Publicerad 16 juli 2018

Our 3 Favorite Drills for High Elbow Pull

In every event over the 50 meter sprint, virtually every elite distance freestyler in the world is pulling with the elbows held very close to the surface, as the hand pushes backward in the water. This motion is neither natural nor easy to accomplish, yet for any event longer than 50 meters, this is the pulling motion you need to achieve in order to swim faster.
The reason is not that this motion generates more propulsion. In fact, it probably generates less propulsion than a deeper pull. It reduces the frontal drag caused by the upper arm in the underwater pulling motion. It does so by keeping the upper arm more in line with the motion of the body during the early part of the pull. Later in the pull, when the upper arm is sticking out to the side, in a more drag-causing position, the net forward velocity of the upper arm is reduced because the upper arm is swept backward more quickly. The frontal drag caused by any part of the human body is profoundly influenced by its forward velocity.
We spend a great deal of effort at The Race Club making sure that every camper gets this motion right. Of all the techniques we teach in freestyle, we consider using the correct high-elbow pulling motion for all events over 100 meters to be the numbers 1, 2, and 3 on our priority list. In other words, you had better get it right.
These are our favorite three drills that we like to use to teach this freestyle technique. All three drills are improved by wearing fins. Snorkels are optional on the first drill, but very helpful to almost essential for the second and third drills.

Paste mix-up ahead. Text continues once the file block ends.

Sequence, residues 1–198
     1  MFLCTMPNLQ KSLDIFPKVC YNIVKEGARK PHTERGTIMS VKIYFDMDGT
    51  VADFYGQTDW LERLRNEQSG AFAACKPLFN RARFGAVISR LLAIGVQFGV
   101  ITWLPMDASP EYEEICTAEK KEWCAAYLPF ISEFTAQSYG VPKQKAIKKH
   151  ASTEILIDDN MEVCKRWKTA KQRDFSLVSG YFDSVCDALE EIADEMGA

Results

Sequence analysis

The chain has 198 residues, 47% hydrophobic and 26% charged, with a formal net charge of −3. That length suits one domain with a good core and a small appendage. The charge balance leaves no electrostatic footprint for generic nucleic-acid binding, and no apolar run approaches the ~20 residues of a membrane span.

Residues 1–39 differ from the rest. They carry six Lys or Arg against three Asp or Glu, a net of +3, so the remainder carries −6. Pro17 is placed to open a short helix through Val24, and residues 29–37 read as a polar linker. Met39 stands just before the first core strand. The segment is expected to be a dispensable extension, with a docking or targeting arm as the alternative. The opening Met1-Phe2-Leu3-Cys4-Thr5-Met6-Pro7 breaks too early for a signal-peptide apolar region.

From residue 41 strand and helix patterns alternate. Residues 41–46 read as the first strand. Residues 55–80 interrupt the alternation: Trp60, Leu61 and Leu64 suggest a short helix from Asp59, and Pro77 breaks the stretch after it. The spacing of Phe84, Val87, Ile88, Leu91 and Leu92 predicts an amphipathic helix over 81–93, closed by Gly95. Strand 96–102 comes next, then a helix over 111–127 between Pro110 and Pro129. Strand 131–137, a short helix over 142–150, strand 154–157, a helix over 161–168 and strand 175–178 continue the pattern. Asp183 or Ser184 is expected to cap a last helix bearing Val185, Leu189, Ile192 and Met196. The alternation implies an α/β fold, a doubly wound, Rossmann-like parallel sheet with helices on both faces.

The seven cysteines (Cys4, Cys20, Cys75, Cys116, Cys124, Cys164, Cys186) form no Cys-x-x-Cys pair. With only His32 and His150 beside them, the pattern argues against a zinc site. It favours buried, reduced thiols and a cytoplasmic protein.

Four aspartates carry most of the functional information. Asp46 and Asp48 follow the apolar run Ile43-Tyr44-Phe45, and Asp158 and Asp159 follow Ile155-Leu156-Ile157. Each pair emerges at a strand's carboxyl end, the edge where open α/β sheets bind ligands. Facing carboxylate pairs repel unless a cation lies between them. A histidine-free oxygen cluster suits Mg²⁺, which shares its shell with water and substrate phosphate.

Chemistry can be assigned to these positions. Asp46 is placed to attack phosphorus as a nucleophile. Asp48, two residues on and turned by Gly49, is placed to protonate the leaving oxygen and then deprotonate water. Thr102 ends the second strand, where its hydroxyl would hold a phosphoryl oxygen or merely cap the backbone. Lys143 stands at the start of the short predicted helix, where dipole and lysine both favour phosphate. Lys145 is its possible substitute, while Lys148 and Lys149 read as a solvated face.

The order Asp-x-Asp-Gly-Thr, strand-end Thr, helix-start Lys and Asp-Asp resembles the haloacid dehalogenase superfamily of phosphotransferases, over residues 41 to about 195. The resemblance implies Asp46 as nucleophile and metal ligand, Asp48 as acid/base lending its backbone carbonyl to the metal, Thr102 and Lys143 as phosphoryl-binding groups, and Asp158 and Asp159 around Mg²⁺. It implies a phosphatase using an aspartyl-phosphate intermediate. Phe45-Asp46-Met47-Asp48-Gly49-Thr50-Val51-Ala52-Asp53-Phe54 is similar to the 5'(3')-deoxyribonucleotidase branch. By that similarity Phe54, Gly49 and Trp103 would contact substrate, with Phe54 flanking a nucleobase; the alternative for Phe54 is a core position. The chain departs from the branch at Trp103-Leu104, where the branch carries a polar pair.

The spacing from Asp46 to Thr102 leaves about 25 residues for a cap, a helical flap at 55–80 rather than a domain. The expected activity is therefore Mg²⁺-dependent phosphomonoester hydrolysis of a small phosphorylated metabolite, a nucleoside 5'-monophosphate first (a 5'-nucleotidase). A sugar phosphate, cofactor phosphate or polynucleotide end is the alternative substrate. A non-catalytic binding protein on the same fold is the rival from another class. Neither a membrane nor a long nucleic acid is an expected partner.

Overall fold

1. One Arm Swim. With one hand held at the side, swim freestyle with one arm only. Use one arm for the first half and the other arm for the second half of the swim. Usually we like to go no more than 50 meters, so we can make the necessary corrections. The hand of the pulling arm should enter directly in front of the shoulder, not over the head. Once the hand enters the arm is extended forward while the body rotates to the opposite
side as far as possible. The opposite shoulder should be well out of the water. The hand begins its motion downward just inside the elbow, before pushing backward. The elbow should remain one inch under the surface of the water. As the hand begins to pull, the body counter-rotates toward the pulling arm to generate more coupling energy.
Swimming with one arm at a time enables the swimmer to concentrate on the precise movement of each pull. Small sculling paddles will also enhance this drill.

2. High Elbow Scull. This is a more challenging drill that can also be done as a workout set. It is preferable to do it with a snorkel. The head is down and swimmer flutter kicks across the pool. The arms are held out in front, but the forearms are dropped down to an angle of about 45 degrees with the water, while the elbows point forward. Holding the upper arm still, the hand and forearm scull directly outward and directly inward with a stiff wrist and strong force, like you are playing an accordion. This motion engages the muscles surrounding the scapula in particular; the same ones that initiate the high elbow pulling motion.
Try doing a set of 20 x 25 High Elbow Sculls, kicking as fast as possible, on 30 seconds. Keep your elbows pointing forward. You will really feel the burn in the scapula muscles.